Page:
Granite Canyon - Tram Route
ElevationAscent: 554' 169 m
Descent: -4,646' -1,416 m
High: 10,401' 3,170 m
Low: 6,310' 1,923 m
GradeAvg Grade: 7% (4°)
Max Grade: 29% (16°)
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“From the top of the tram, run into the park, down Granite Canyon and return to Teton Village.”— Tom Robson
On your way down to and on Granite Canyon, enjoy awesome wildflower views as there are multiple open meadows teeming with them.
Alternatively, you can do this run backwards and take the tram back down for free!
After crossing the creek, Rendezvous lazily ascends again and ends at a three-way intersection with Middle Fork Cutoff and South Fork Granite Canyon. Although mostly in the trees, Rendezvous Mountain trail has great views to the west of Housetop Mountain (10,439') and the general Granite Canyon area.
At the three-way intersection, turn right onto South Fork Granite Canyon. The trail descends directly to Granite Canyon itself from the Rendezvous Mountain trail. If you're traveling south to north, the orientation of this trail opens up some amazing views of the east/west mountains - most notably Mount Hunt (10,749') and Prospectors Mountain (11,241'), both to the northeast.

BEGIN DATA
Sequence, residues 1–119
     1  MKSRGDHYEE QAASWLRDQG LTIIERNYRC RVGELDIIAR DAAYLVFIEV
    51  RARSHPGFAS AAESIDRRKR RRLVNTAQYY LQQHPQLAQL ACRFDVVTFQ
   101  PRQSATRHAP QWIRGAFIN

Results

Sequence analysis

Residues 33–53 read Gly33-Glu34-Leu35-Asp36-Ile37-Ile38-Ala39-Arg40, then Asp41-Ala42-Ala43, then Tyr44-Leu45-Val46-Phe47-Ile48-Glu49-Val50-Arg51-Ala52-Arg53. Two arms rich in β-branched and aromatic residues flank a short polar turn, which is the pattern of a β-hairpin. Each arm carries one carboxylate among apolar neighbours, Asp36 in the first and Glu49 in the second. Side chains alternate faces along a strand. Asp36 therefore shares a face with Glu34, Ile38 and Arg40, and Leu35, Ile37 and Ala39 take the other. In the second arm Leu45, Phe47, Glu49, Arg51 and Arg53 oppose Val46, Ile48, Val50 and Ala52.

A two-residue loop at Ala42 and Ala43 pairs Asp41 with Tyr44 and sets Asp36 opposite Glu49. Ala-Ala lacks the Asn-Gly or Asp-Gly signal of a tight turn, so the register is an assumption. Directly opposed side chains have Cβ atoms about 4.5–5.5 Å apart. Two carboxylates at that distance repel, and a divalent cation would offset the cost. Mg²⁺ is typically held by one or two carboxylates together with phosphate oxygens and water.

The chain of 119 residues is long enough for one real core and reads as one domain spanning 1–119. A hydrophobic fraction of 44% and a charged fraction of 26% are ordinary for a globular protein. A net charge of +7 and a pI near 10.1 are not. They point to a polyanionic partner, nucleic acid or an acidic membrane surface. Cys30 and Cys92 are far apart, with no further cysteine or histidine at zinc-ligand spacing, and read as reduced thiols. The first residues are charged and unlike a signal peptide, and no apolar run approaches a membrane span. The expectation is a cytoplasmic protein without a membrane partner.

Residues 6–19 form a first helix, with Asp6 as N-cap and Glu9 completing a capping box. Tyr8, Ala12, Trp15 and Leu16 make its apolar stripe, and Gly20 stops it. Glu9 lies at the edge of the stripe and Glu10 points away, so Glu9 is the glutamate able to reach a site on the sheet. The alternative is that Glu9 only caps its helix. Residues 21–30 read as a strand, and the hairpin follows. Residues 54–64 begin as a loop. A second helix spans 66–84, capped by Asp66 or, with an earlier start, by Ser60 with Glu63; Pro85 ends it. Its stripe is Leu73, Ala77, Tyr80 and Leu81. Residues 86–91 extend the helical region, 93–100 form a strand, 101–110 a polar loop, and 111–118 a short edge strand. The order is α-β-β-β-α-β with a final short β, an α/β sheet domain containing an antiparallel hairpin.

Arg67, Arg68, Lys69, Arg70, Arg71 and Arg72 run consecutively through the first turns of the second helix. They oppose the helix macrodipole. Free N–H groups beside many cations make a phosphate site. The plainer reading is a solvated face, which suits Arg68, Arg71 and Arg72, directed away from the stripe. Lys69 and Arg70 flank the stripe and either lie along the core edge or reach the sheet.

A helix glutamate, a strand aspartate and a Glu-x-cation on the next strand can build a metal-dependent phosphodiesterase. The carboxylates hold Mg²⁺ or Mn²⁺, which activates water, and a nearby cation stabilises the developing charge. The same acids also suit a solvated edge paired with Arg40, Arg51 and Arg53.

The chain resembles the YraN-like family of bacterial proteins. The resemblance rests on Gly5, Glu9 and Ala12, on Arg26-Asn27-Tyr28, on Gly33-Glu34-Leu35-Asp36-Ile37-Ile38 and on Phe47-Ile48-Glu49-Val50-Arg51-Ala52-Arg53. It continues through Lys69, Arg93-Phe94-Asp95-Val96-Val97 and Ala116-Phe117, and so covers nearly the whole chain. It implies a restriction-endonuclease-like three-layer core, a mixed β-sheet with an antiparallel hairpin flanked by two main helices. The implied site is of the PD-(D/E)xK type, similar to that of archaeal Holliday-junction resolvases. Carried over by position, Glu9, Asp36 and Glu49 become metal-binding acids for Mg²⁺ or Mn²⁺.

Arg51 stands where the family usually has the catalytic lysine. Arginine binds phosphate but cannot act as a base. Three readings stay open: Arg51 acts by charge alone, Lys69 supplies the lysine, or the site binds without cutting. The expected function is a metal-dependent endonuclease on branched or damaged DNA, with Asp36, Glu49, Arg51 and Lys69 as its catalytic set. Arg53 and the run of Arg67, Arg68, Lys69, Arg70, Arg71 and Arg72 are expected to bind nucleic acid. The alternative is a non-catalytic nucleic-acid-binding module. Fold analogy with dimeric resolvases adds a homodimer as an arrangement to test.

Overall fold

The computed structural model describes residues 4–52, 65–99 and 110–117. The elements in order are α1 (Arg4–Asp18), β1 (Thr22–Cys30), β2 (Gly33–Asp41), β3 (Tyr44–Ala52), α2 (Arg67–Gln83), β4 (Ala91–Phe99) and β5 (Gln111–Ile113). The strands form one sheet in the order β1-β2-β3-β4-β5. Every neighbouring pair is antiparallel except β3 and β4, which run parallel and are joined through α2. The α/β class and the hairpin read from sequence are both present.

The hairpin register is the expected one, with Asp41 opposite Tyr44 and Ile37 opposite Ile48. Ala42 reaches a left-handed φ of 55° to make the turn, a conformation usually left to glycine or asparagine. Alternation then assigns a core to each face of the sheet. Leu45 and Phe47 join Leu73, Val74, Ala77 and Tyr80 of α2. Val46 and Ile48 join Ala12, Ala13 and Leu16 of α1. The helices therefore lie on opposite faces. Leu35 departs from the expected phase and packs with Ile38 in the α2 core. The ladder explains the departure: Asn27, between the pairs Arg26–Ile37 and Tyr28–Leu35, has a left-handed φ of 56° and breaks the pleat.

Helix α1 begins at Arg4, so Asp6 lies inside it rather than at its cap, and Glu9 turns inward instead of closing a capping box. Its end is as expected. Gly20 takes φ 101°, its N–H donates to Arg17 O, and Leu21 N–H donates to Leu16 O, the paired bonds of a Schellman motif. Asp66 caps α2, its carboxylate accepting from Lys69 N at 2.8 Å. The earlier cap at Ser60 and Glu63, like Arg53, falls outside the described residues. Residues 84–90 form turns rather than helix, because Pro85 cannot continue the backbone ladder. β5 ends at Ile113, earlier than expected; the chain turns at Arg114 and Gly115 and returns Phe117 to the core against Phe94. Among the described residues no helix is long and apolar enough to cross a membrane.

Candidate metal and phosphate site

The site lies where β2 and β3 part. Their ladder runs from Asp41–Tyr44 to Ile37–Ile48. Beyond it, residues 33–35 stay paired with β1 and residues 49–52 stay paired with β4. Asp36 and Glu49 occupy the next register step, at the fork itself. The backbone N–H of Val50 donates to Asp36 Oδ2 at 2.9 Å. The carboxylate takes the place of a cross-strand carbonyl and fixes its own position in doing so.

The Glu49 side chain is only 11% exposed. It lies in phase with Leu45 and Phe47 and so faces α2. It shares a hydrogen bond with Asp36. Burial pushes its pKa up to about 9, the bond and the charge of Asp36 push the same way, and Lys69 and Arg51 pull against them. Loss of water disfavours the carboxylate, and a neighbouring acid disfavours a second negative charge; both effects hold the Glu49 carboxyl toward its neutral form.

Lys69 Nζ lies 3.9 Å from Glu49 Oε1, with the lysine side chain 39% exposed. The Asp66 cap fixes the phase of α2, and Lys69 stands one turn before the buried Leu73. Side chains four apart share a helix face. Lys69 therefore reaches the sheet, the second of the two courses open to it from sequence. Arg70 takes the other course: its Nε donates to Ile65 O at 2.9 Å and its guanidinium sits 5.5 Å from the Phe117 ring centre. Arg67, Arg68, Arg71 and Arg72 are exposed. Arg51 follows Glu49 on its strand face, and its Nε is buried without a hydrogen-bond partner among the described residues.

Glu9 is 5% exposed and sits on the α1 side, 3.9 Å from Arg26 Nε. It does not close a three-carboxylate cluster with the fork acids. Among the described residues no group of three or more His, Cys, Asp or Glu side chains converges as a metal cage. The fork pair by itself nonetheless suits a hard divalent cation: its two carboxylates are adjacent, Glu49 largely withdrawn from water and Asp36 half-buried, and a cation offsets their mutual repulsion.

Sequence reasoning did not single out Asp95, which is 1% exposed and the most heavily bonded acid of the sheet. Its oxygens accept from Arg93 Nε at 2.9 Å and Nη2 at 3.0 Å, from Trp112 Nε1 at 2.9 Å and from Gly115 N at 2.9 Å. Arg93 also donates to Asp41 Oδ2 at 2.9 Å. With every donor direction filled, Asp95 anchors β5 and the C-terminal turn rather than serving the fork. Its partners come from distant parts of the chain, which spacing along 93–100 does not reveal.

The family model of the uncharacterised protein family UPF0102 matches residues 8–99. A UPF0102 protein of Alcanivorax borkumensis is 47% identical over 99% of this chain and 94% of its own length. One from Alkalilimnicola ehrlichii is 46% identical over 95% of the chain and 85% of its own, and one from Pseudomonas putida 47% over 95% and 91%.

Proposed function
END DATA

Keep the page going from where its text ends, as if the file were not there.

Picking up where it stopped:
As you near Granite Canyon keep an eye out for the Upper Granite Canyon Patrol Cabin. This single-story cabin, built around 1935 on a log sill foundation using 14-inch timber, was put on the National Register of Historic Places on August 19, 1998. Additionally, the entire Granite Canyon area is teeming with wildflowers during the late Spring/early Summer months, so try to hit it then.
Once you've crossed Granite Creek, turn right at the intersection with Granite Canyon trail. This glacier-carved trail spans from Moose Wilson Rd at ~6,400' all the way to ~8,900', and terminates at an intersection with Fox Creek Pass. From the South Fork Granite Canyon intersection, head down (east) following Granite Creek all the way to the Teton Village Trail.
The Teton Village Trail generally contours along Apres Vous Peak (8,405') and terminates at Granite Ridge Rd. The trail rises twice, but never too steeply. Though deeply nestled in the trees, you'll have persistent views of the valley to the east, and mountains to the north. From Granite Ridge Rd. head south to the main Jackson Hole parking area.
From treeline to valley floor, forests provide cover and food for many mammal species. Look for elk, mule deer, martens, red squirrels, black bears and snowshoe hares. Moose are a common sighting near the creeks that line these beautiful canyons.
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Land Manager: National Park Service - Grand Teton National Park